I often hear Financial Planners complain that this isnt for me, i cant do sales and all that negative stuff. In fact it had run in my mind a couple of times too, but the very fact that I withheld the test of time, with patience, practise and determination i understood that I can. I must be honest not everyone month was bountiful, there were months where i had $100 or even $20 of commision to survive on, those months were hard to get over as you are battling financial burdens as well as trying to meet more customers but after all that storm comes a gentle wind of victory.

Insurance in my opinion is a numbers game. The more you meet the more you close. The business has evolved over the years i must say but some fundamentals dont. Customers still buy the experience rather than your specialised advise. With the speed at which customers get their information from the internet, Financial planners have an onerous task of keeping up to date and reading a lot on financial news. Sometimes news just happens to be the conversational ice breaker, in some occasions thats the way they judge to see if you are well learned.

Customer care is still the key to retaining and receiving more referrals till today. I still remember how difficult it was for me to grow my customers database, and once it grew it was so difficult to stay in touch with those who supported you from the begining. From the clients perspective if you become too busy for them, they will forget you and once a new financial planner swings by, they take your clients away instantly. So building rapport and staying in touch to make that connection personal is still key.

With the help of softwares like Gifttag, www.gifttag.com.sg it becomes so much easier to be at one place and stay on top of your game. You can organise all that contacts, stay in touch with them, giving individual attention, and send gifts to them on their birthdays and sending them an sms on their seasonal celebrations all on auto mode. This frees up time to do the more important, farming and closing new deals. Customer care is still the core reason for most financial planners to survive, grow and flourish till to date.

I did a personal survey on the very successful financial planners myself to find out what do they do so differently that makes all the difference in their paychecks.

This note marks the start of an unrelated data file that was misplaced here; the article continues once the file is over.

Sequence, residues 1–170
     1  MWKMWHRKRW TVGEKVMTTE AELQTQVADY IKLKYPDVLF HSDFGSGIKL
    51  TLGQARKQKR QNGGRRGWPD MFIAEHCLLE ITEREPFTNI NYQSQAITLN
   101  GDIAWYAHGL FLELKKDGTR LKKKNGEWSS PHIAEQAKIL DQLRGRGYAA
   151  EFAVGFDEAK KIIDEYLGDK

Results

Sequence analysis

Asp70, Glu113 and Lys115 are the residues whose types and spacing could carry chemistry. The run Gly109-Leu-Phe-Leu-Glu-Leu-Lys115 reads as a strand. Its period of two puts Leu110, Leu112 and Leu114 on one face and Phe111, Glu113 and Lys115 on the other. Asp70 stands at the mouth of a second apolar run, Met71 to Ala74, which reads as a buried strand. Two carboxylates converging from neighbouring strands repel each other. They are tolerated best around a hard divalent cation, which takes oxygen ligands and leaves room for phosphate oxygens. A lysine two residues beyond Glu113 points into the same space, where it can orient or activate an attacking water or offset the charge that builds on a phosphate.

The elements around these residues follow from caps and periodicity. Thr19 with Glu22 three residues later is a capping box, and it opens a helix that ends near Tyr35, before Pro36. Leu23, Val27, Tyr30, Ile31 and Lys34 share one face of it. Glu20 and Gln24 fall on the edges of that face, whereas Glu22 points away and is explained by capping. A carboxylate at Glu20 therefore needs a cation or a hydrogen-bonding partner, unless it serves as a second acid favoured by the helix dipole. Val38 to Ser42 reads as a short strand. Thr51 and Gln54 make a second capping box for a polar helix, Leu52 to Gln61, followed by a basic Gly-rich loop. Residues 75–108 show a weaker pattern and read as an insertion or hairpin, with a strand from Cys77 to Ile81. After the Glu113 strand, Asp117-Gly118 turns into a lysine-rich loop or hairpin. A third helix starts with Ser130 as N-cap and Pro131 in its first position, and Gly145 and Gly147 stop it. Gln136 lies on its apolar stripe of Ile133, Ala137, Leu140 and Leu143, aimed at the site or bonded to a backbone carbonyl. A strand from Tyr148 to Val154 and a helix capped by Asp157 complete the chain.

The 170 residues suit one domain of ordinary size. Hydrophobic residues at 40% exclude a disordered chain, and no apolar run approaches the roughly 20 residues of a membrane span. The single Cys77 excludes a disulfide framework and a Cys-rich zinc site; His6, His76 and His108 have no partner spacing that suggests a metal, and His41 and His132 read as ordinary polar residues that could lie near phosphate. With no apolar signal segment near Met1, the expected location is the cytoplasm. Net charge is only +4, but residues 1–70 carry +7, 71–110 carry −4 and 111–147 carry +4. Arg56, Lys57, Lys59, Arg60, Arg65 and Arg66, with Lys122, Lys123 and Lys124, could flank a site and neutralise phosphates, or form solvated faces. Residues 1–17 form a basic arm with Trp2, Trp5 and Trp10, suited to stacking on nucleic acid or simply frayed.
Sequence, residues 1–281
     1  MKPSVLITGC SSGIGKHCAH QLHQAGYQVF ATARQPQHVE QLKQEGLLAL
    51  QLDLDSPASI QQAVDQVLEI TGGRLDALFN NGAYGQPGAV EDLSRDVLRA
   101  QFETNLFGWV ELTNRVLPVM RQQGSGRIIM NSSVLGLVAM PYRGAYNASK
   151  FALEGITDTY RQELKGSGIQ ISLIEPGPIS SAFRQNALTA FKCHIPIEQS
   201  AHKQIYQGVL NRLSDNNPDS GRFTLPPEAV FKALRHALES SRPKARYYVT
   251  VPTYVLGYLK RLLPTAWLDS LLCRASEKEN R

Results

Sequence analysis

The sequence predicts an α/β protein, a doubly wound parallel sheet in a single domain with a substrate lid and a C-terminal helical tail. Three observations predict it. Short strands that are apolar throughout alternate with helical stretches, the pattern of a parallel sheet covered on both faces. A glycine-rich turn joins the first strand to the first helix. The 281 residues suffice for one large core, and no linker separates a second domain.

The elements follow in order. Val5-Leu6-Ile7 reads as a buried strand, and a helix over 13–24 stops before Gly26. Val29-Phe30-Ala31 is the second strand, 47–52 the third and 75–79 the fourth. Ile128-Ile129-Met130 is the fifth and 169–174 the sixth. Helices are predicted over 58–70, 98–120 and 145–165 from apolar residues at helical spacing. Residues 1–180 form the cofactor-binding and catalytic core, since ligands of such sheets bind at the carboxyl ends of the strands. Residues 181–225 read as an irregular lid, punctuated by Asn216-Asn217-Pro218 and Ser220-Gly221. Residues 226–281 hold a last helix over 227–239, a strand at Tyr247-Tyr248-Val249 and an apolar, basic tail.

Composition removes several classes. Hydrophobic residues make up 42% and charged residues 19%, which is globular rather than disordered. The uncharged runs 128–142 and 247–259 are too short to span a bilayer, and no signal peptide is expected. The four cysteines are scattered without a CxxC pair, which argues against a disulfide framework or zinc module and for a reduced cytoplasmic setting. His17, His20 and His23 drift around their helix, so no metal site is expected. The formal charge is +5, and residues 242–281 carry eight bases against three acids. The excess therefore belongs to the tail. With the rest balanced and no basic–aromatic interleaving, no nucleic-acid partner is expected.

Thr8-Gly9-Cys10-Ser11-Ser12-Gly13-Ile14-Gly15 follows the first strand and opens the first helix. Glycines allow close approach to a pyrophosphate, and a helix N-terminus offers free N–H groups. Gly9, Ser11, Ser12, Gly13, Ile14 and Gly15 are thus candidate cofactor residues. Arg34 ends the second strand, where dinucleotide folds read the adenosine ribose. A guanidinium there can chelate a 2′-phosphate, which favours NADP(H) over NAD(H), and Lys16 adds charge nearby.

I noticed that all of them were very organised with their customers details, all of them knew their customers by name and they had all the details of their clients in an excel sheet, now in Gifttag, www.gifttag.com.sg

Secondly I learned that they are not afraid to ask for referrals. Who needs to be when they offer unparalleled levels of customer experience and service. They find sending gifts, greeting cards and emails as the holy grails of staying in touch and reminding their customers that they are there for them. They build an experience around them, so that customers can relate to it once they think of them. Now how will any customer think about choosing another planner?

Lastly, they have a very strategic schedule filled with activities ranging from farming, networking and exercising customer care. I noticed this is something that most financial planners dont incorporate in their course of work. Most of them only concentrate on sales, sales and just sales. One of these gurus told me, the trick to having such a schedule is to not tire your mind on that onething. Sometimes when you head on straight for sales, it just wont happen due to many reasons, take a break and do something else or you will tire yourself out and soon resent to the infamous “This is not for me” decision. I thought that was a bullseye when he mentioned it. Very true indeed, when somethings dont happen the way you want it to be, take a break and dont break yourself. Do things that can still be productive and maintain your energy to end the day on a positive note. You will come fresher and more motivated to challenge the next day. Some wise words from wise men.

Well thats pretty much my experience by being a financial planner, it was fun, rewarding and enriching ☺